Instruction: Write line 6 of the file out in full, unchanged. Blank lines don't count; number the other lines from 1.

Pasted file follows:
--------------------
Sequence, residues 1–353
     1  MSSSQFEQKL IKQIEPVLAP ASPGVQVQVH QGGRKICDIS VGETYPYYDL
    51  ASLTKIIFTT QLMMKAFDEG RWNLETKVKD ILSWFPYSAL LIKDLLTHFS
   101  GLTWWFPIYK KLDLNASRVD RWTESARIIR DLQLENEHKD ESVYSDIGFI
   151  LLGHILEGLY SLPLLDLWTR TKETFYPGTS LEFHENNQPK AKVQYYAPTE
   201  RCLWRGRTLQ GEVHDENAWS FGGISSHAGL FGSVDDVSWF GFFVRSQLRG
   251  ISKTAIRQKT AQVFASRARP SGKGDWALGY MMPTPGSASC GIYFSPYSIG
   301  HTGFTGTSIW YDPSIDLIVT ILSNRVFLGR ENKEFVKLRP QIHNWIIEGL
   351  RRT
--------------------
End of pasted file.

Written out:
   201  RCLWRGRTLQ GEVHDENAWS FGGISSHAGL FGSVDDVSWF GFFVRSQLRG